Trevor Rosenthal will undergo Tommy John next week, which creates a major void in the Cardinals' bullpen. (File) 

By Rob Rains

The Cardinals’ challenge of catching the Cubs – now and next season – got much more difficult on Wednesday when they learned they will have to do it without closer Trevor Rosenthal.

General Manager Michael Girsch confirmed what had been suspected for several days, that Rosenthal needs Tommy John surgery. The operation has been scheduled for next week in California.

Without Rosenthal, the Cardinals basically have no order to their bullpen. They have three saves since the All-Star break that were not earned by Rosenthal - one each for Brett Cecil, Matt Bowman and Seung Hwan Oh.

All of those pitchers, as well as every other reliever not named Tyler Lyons, has had his share of struggles of late, which will make it quite interesting to see how manager Mike Matheny lines up his relievers on any given night.

“Somebody’s going to have to step in,” Matheny said. “We’ll figure it out as we go. … It’s a tough spot. Some guys are made for that situation. You only find out by throwing them in high-leverage positions and seeing how they respond.

“We have a lot of season left. It’s just now getting exciting. All we are thinking about each night in the bullpen is different roles and how to win a game.”

Girsch admitted the team has been studying the waiver wire to see if there was a possible outside fix available, at least for the short term, but admitted he was not optimistic help would be coming by that route.

Whether or not the Cardinals will try to sign a potential closer as a free agent this winter, or trade for one, will be a topic to be addressed later, Girsch said.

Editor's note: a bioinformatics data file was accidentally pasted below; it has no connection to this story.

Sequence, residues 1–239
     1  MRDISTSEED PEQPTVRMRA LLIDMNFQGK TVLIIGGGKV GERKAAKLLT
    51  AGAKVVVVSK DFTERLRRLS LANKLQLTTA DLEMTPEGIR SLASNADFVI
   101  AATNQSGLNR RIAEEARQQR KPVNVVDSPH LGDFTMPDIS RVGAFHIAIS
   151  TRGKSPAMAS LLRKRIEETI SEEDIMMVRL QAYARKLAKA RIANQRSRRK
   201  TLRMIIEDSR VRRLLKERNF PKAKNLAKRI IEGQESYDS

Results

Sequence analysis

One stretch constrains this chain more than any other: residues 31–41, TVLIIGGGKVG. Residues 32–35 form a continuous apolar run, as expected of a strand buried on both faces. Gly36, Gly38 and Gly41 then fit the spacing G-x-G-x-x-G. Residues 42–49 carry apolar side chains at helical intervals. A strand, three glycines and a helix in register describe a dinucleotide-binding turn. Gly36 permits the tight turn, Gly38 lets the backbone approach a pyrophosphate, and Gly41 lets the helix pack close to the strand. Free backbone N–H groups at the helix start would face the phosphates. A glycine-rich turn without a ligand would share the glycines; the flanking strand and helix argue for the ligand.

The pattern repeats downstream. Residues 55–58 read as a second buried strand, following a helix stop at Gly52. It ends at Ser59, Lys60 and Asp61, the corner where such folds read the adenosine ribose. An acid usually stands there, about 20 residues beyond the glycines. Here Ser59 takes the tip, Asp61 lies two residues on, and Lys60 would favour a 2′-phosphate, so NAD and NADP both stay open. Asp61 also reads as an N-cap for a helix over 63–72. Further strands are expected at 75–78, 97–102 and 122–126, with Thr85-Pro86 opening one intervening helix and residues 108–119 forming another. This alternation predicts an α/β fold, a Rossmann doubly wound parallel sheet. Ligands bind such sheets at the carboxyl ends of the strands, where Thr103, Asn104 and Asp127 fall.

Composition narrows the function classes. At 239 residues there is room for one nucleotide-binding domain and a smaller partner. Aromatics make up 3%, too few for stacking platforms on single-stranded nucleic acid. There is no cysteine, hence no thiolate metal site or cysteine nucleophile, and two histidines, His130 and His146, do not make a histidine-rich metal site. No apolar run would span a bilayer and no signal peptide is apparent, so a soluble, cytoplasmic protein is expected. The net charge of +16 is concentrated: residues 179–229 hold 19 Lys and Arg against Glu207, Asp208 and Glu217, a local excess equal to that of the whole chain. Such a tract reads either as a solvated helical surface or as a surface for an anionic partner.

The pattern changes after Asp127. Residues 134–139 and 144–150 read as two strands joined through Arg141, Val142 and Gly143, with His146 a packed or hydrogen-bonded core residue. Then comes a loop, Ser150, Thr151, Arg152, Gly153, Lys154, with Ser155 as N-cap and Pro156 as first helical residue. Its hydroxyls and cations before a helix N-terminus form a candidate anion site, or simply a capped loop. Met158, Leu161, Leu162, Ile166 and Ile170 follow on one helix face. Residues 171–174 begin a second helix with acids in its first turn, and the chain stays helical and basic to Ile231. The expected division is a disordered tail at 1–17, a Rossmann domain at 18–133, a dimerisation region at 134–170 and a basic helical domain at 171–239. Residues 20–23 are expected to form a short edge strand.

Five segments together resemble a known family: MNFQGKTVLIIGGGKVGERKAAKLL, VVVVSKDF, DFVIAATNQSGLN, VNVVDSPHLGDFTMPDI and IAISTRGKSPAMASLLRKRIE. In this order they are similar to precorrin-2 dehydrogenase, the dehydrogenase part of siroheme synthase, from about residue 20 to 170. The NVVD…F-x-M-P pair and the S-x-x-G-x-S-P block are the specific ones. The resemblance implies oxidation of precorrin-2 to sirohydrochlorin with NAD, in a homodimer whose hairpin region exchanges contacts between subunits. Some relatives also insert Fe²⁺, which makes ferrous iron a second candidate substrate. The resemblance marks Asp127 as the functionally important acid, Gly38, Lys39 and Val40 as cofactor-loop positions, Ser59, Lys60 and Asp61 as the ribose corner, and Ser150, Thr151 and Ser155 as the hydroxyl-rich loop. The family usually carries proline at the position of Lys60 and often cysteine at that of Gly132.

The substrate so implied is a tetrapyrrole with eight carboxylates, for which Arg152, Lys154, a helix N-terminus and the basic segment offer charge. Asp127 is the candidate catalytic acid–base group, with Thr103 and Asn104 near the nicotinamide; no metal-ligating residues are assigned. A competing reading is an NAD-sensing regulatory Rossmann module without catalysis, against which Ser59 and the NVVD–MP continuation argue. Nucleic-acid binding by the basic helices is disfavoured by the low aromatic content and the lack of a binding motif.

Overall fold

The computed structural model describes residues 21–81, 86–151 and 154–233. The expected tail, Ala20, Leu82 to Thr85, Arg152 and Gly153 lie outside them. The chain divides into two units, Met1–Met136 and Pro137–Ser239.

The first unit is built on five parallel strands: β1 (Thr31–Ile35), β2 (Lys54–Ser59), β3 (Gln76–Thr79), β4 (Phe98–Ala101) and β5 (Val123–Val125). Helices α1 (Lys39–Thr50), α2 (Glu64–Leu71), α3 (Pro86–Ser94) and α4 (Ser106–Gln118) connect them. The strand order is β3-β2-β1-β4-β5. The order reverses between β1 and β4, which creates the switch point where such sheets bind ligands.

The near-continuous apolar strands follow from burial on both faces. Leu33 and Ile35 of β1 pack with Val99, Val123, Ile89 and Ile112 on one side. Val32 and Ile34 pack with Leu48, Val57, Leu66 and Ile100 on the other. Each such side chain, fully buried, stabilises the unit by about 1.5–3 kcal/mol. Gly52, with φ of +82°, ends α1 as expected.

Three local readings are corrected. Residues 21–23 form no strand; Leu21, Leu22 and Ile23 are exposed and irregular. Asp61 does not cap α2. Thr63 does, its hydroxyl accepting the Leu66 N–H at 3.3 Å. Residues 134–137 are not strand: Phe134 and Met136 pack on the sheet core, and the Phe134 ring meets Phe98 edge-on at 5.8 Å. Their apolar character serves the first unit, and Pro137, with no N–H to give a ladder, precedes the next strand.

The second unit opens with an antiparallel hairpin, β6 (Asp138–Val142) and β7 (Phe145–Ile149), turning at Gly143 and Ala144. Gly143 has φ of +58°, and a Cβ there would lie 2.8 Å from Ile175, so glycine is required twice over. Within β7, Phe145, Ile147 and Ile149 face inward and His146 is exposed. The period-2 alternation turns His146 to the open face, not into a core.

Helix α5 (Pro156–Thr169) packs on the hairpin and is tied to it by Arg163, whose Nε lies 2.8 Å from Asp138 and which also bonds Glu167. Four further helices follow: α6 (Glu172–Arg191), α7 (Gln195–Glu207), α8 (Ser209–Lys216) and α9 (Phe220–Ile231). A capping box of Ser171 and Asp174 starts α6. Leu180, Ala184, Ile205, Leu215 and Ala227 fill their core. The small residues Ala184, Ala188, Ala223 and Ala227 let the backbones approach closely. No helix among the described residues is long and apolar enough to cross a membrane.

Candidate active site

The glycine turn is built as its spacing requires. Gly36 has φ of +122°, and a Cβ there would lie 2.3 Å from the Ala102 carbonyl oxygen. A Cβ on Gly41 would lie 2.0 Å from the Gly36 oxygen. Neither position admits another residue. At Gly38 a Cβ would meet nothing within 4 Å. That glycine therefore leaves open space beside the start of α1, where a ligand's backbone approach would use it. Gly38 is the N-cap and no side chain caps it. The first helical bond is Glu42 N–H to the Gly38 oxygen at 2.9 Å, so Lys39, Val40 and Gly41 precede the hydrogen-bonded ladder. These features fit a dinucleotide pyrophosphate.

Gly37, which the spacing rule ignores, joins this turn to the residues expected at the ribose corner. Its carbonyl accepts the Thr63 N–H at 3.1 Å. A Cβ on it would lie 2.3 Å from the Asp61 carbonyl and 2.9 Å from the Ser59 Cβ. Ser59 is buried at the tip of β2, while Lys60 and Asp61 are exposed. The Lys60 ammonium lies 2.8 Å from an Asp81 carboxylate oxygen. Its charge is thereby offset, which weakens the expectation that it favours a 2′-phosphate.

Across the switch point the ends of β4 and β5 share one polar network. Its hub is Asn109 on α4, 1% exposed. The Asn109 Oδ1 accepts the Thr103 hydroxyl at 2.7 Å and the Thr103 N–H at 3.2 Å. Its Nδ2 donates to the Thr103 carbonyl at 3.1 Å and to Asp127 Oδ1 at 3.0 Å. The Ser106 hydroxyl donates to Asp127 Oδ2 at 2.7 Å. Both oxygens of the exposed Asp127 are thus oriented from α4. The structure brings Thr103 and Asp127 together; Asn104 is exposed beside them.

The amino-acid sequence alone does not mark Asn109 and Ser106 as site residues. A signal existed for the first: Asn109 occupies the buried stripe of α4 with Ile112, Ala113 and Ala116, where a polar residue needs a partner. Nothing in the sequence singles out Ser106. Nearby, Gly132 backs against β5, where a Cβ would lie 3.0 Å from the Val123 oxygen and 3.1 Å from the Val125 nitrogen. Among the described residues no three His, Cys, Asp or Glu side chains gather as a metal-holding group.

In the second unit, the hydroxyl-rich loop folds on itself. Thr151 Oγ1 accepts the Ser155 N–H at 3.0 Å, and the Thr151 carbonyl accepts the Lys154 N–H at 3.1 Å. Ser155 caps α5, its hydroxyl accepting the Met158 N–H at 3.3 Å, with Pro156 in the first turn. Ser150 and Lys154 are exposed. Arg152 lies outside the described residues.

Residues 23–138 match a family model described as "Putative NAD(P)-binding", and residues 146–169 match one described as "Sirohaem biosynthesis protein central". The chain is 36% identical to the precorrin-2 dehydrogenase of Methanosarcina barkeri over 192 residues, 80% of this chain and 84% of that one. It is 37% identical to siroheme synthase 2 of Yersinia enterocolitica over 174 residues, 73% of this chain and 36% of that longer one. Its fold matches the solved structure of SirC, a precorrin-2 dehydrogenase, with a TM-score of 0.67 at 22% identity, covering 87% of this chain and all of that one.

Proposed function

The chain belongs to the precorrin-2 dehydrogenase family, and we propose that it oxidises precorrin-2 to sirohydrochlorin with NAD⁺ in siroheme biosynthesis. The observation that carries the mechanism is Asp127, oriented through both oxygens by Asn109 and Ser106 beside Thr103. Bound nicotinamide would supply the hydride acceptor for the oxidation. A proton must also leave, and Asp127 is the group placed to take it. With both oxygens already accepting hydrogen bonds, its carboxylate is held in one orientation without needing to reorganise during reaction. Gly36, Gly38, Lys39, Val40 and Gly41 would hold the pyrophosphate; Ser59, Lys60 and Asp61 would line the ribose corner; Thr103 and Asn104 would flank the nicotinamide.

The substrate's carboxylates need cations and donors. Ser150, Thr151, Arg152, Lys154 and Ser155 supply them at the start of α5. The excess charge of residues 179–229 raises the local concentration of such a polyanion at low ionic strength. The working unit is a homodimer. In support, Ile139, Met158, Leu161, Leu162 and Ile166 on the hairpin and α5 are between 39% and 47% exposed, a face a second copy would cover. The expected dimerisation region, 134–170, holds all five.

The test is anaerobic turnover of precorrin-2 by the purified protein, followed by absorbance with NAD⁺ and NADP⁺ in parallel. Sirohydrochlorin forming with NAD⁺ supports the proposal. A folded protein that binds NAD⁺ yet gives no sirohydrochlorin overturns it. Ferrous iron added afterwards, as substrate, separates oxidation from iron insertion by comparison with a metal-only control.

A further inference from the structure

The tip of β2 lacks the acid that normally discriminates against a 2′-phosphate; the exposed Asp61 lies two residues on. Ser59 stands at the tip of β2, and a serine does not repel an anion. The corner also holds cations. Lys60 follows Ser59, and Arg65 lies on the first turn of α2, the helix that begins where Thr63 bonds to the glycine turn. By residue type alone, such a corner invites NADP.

“It certainly creates a need where we had a pretty set answer,” Girsch said. “In the short term there’s not a ton we can do about it, unfortunately, because of the time of the year. In the longer term it’s something we will have to add to the list of things we are trying to address this off-season.”

Rosenthal, who has dealt with arm issues for much of the last two years, believes he hurt the elbow this time while pitching to the Braves’ Freddie Freeman on Aug. 12.

“That was the first night I felt something different,” Rosenthal said.

“I felt it on the last pitch I threw to him and against the next batter, Nick Markakis, I didn’t feel very good and I looked up on the scoreboard and saw I was throwing 92 (mph). My feelings were kind of going along with my performance. That was a little bit of a scary situation.

“I had three days off and then heading into the Boston game (Aug. 16) it didn’t really recover and wasn’t bouncing back. That’s when I knew it was something I had to get checked out.”

Rosenthal gave up a home run that night on a 91 mile per hour fastball, a drop of seven or eight miles per hour from his normal fastball velocity.

An examination by Cardinals’ team physician Dr. George Paletta revealed damage to the ligament in Rosenthal’s right elbow, although not a complete rupture. Consultation with a second doctor came to the same conclusion.

Rosenthal said his only other option other than surgery was to have an injection of plasma in his elbow, followed by eight to 12 weeks of rest. There was no guarantee that would work, however, and he might still have needed the operation at that point.

“You realize that’s just the reality of what we do,” Rosenthal said of the possibility of one day needing this operation. “Any single pitch or any single play can cause an injury. We live in that realty … Last year when I had MRIs on my elbow the ligament looked pretty good for a pitcher who does what I do. For whatever reason over the last year it got worn down.”

The timetable for pitchers to recover following Tommy John surgery is usually at least 12 months.

Before the game in Boston, Rosenthal had converted seven consecutive save opportunities and in 15 games since July 4 had allowed only one earned run with four walks and 28 strikeouts in 17 1/3 innings.

The injury comes at a tricky time for Rosenthal in terms of his contract status. He is eligible for arbitration for the third and final year after this season, and can be a free agent after the 2018 season – which he now will be forced to miss.

Both Girsch and Rosenthal said that topic will be addressed later, once the surgery has been completed and Rosenthal has begun the rehab process.

“At this point we are focused on getting him through the surgery,” Girsch said.

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